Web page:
Gill Sherratt, a licensing consultant for off-licences, told OLN: “I have not heard of any new schemes for a long time but the condition requests were always the more damaging, in my opinion.
“In Portsmouth it is still a big issue. We get sent new applications from there and I don’t like the conditions at all. Some stores are being given conditions which require the police to be consulted whenever they want to stock or sell a new product over 6.5% abv.
“If a scheme is done properly I am all for it, but it can’t be right that a supplier of goods has to run to the police every time they want to sell something and this becomes a permanent condition on their licence. These retailers often agree to it because they have to in order to get the licence in the time-frame they need.”
Sherratt also noted that in some areas, especially those with no official schemes to tackle street drinking, there is no consistency, and it is still the case that some shops may be under conditions to limit the sale of alcohol over a certain strength while a neighbouring store may not.
“It’s a toothless tiger for that very reason. You all have to do it otherwise it is useless,” she said. “The volume schemes in place already all operate differently. They don’t involve everyone and if they are to be implemented they need to involve every shop and supermarket in the area.”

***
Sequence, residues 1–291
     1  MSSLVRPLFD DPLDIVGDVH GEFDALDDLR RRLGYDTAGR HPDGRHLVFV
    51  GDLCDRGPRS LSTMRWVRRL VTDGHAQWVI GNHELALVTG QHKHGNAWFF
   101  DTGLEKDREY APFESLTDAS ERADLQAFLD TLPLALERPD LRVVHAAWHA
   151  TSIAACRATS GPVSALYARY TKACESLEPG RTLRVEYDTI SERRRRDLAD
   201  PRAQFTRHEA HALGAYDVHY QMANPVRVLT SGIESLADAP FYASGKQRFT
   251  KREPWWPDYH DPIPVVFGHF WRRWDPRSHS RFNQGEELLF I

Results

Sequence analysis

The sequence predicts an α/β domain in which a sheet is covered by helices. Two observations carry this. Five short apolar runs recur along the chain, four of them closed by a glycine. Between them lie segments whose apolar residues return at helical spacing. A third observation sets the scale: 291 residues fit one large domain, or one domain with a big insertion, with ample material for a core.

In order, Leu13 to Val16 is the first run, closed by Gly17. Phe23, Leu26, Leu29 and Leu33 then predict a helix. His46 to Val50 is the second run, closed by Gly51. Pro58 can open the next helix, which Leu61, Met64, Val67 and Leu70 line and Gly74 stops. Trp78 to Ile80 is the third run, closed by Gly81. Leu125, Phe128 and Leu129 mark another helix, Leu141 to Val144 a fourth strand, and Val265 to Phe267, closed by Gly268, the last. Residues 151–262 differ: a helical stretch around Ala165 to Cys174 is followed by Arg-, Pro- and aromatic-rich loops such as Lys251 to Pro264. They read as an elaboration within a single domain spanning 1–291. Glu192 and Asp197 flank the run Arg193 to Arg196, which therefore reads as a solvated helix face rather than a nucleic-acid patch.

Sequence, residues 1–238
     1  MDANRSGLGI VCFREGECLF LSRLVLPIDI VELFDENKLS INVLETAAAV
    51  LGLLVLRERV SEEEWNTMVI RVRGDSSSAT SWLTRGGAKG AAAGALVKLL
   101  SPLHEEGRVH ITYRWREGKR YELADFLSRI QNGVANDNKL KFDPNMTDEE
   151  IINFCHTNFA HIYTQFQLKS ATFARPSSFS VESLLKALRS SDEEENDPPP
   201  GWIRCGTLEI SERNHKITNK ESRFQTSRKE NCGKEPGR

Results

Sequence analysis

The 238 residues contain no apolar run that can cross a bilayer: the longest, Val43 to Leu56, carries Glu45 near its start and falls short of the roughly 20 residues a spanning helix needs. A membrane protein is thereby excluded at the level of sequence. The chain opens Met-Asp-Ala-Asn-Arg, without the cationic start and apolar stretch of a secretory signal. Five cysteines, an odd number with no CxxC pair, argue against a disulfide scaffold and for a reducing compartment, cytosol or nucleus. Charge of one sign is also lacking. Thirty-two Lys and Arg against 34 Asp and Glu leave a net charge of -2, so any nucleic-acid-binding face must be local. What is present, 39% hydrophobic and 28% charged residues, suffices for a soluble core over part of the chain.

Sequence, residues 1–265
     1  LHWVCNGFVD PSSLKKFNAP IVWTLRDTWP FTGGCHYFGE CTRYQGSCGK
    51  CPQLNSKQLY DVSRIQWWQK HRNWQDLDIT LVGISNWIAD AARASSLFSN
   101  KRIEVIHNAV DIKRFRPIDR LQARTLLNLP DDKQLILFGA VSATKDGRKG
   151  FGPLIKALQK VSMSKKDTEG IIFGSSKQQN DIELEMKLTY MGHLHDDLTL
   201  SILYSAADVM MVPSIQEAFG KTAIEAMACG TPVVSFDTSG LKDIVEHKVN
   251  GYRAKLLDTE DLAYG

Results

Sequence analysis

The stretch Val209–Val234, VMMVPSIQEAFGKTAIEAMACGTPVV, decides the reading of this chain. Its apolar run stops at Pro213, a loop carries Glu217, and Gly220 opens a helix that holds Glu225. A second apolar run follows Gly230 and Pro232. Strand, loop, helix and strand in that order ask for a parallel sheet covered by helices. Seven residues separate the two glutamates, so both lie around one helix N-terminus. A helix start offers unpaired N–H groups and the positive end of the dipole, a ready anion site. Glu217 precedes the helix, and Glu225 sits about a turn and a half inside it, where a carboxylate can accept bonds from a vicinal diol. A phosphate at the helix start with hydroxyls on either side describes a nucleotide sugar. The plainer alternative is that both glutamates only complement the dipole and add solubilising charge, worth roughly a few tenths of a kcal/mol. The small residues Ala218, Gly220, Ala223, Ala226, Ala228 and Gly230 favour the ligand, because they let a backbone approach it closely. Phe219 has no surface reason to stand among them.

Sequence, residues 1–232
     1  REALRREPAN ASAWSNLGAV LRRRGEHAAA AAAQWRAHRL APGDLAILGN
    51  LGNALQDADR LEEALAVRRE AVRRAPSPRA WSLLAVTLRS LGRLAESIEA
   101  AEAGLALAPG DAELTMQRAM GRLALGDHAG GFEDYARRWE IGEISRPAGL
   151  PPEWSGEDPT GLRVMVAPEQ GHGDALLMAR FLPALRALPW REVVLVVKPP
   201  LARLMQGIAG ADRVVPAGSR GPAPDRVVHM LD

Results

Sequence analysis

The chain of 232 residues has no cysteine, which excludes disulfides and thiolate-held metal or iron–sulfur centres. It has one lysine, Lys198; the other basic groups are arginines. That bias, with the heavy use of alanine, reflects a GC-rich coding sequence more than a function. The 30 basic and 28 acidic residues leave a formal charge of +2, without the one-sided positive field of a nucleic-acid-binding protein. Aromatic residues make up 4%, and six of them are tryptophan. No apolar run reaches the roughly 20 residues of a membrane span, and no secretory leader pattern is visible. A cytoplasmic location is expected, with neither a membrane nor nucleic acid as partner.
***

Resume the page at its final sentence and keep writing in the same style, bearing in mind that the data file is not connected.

She added that Portsmouth is “different” and the local authorities “probably have a pretty good grip on it because they have a full-on scheme, working as a whole with health departments and lots of other agencies as well as licensing. I have never been against the work they are doing in Portsmouth, it’s just how they are doing it.”
In contrast Sherratt highlights Brent as an area that doesn’t have an overall scheme to tackle street drinking.
“Brent is a good example,” she said. “The authorities say they want a retailer to have a certain condition on their licence about selling alcohol above a certain strength, but there are probably loads of retailers nearby without these conditions who can sell any products. They just pick them off as they come through as licensing applications.”
Sherratt added: “I don’t believe stopping retailers selling certain products is the answer. There are people who drink those products who aren’t street drinkers and there are street drinkers who will just move on to another product, or find the product elsewhere. It is just penalising poorer people.
“We do challenge these requests for conditions where we can. Some will back off with the requests and others will object to us challenging it.”
“But pushing Reducing the Strength as a scheme has definitely gone quiet. These things die out. Years ago it was bottle marking. It’s a fad and it’ll probably be replaced by another scheme in the future.”